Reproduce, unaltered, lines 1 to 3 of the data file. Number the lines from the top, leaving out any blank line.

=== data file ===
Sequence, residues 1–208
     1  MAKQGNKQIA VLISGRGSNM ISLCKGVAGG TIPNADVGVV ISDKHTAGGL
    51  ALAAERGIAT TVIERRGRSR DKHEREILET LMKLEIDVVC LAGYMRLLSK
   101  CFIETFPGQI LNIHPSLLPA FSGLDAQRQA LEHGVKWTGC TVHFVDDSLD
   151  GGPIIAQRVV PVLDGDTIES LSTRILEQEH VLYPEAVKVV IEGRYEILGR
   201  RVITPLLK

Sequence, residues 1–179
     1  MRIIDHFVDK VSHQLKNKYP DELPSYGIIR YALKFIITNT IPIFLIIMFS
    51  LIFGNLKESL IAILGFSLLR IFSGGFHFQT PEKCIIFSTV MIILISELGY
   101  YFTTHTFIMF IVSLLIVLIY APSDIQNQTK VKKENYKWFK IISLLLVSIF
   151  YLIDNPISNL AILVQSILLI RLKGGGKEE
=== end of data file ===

Sequence, residues 1–208
     1  MAKQGNKQIA VLISGRGSNM ISLCKGVAGG TIPNADVGVV ISDKHTAGGL
    51  ALAAERGIAT TVIERRGRSR DKHEREILET LMKLEIDVVC LAGYMRLLSK